Best destinations to spot butterflies

Top spots for lepidorists
2022-03-21
/
/ New Delhi
Best destinations to spot butterflies

Butterflies through time and space have managed to capture the minds and hearts of people (Photo: Unsplash/Boris Bokrovic)

Butterfly watching is a hobby that involves observing and studying the different species of butterflies. By catching and releasing the insect, the observers’ gain knowledge and leave the butterfly harmless. Today, there are numerous clubs, handbooks, checklists, and festivals devoted to this activity.
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Butterflies throughout time and space have managed to capture the minds and hearts of people around the world. Myths and lores, have surrounded these creatures from ancient times often symbolising it to the human spirit. It is no wonder that even today butterfly watching is very popular and the number of lepidorists, who specialise in studying and collecting these winged species, has risen around the world.

As summer approaches, people who want to try something new should give this beautiful activity a chance. To get you started, here are four of the best destinations to spot these diverse and elegant winged creatures.

Iguazu National Park, on Brazil-Argentina border

Swallowtail butterfly is one of the species found in the Iguazu National Park (Photo: Unsplash/ Noah Boyer)

The butterflies of the Iguaçu Falls are believed to be one of the greatest attractions of the region. According to many visitors, the butterflies alone are reason enough for creating Iguaçu River’s National parks.

The Iguazu National Park that lies on the border of Brazil and Argentina serves as a shelter for about 800 species out of the 3,280 that is found in Brazil. Among these 800 species, only 257 have been properly identified.

The Park is a popular spot to watch butterflies and its frequent warm temperatures and high humidity creates a greenhouse-like environment all year round, which is perfect for butterflies like the striking Blue Ulysses. Some of the butterflies found here are Morpho Epistrophus, Swallowtail butterfly and Owl Butterfly.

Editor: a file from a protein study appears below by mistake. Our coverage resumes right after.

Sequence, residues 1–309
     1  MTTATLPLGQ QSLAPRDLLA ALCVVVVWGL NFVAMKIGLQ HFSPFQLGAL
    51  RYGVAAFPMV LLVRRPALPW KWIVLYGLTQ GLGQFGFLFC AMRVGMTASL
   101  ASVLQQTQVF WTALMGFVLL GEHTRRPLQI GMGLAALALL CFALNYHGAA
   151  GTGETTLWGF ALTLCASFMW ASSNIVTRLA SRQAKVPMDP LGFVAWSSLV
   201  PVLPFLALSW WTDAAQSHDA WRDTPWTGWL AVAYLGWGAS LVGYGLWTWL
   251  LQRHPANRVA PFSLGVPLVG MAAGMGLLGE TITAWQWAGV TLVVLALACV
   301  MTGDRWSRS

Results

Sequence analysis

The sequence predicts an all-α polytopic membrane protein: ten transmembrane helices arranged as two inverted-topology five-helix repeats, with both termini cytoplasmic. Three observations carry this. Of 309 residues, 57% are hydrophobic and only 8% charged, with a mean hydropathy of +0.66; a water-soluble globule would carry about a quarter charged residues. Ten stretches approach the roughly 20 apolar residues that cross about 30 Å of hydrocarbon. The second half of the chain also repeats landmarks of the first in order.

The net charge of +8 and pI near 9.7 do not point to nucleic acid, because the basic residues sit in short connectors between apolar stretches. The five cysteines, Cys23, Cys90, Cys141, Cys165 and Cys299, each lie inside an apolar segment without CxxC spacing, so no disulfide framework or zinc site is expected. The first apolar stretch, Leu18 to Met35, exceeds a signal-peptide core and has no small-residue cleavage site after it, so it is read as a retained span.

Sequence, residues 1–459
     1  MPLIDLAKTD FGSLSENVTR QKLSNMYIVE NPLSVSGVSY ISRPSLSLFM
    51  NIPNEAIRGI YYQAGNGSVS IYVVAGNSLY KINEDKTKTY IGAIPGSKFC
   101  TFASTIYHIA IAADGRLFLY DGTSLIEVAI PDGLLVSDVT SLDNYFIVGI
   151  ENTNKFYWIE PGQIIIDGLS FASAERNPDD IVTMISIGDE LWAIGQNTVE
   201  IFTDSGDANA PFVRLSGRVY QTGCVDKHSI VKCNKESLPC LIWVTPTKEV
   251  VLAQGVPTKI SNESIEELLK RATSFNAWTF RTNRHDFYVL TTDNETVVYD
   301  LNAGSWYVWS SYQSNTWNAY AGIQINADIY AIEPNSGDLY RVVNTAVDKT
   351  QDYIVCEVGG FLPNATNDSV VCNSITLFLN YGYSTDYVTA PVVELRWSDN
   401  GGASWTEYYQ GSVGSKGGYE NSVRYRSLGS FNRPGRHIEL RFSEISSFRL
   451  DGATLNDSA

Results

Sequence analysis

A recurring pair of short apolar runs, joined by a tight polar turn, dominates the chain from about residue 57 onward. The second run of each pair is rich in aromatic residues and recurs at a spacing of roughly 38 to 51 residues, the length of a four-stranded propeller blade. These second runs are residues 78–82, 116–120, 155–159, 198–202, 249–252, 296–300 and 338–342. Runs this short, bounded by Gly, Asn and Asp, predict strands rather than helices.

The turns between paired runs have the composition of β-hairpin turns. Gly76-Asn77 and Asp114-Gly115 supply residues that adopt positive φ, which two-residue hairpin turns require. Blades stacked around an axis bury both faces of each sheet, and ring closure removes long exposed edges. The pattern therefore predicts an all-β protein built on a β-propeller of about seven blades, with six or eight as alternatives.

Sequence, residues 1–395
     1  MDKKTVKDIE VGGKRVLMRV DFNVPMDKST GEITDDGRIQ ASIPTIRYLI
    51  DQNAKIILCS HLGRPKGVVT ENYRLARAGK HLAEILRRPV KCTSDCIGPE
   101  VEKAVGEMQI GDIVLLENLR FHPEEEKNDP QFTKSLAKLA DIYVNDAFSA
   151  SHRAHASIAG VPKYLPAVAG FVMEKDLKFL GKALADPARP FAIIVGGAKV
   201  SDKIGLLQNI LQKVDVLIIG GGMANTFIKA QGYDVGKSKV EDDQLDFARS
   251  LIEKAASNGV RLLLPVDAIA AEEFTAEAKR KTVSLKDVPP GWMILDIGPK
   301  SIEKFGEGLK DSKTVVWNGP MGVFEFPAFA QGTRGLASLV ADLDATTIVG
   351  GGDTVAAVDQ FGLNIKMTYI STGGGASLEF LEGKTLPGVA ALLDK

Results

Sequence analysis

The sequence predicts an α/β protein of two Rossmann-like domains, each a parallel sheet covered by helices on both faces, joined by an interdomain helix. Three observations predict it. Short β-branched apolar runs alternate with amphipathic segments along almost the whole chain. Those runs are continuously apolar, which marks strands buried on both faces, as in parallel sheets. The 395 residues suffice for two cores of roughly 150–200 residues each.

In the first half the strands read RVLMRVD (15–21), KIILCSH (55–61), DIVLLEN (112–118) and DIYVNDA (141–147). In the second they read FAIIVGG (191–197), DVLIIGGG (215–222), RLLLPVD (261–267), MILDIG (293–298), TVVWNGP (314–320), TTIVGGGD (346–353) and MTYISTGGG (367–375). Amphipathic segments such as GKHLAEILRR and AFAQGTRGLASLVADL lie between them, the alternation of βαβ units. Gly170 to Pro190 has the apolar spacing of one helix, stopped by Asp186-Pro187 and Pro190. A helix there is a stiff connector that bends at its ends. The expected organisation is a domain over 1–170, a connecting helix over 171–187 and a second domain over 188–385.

Monarch Butterfly Grove in Pismo Beach, California, USA

From late October to February, thousands of black Monarch Butterflies flock to the Grove (Photo: Unsplash/Joshua-J-Cotten)

Monarch Butterfly Grove is a famous butterfly attraction in California, USA that is popular particularly for its Monarch butterflies.

With a count of over 10,000 butterflies annually, the Butterfly Grove is one of the only five sites in the state to house such a large number of butterflies, aside from the Monarch.

Every year from late October to February, thousands of vibrant orange and black Monarch Butterflies flock to the Grove, which is essential to their successful migration as it shelters them from the freezing northern winters and has become a winter home for one of  USA’s largest Monarch colonies, with an average of 25,000 butterflies every year.

During the migration period, the grove is open daily with volunteers on site to monitor the butterflies and provide information to visitors.

Kathmandu Valley, Nepal

Kathmandu valley is home to 651 unique specifies of butterflies, that include the beautiful Oakblues (Photo: Unsplash/Ashley Rich)

The Kathmandu valley in Nepal has always fascinated lepidopterists for its numerous quantities of beautiful and colourful species of butterflies. Kathmandu valley is home to 651 unique specifies of butterflies, that include the beautiful great Orange tips and Oakblues.

A country that accounts for 3.72 pc of the world’s butterfly species, one can find different types of butterflies at different locations across the country. But it is only in Kathmandu valley that a great selection can be viewed, all year round due to its mild climate.

Pihla-Kaibaldi Nature Reserve in Hiiumaa, Estonia

Estonia is populated with as many as 1900 species of butterflies (Photo: Unsplash/Sudan Pandey)

With butterflies such as the small tortoiseshell that can be observed in as early as March, the Pihla-Kaibaldi Nature Reserve on the island of Hiiumaa, northwest of the mainland is one of the most famous and favourite butterfly viewing sites in the world.

In spring and summer months, Estonia is populated with as many as 1900 species of butterflies of varying sizes. The first species to unveil itself is the small Tortoiseshell that is most common species in Estonia and another species known as Camberwell beauty. Both of these species appear as early as March and are also known as the harbingers of spring.

The majority of them though are more likely to be seen during the summer months, ranging from June to August. Some of these include the Swallowtail and Lesser Purple Emperor.

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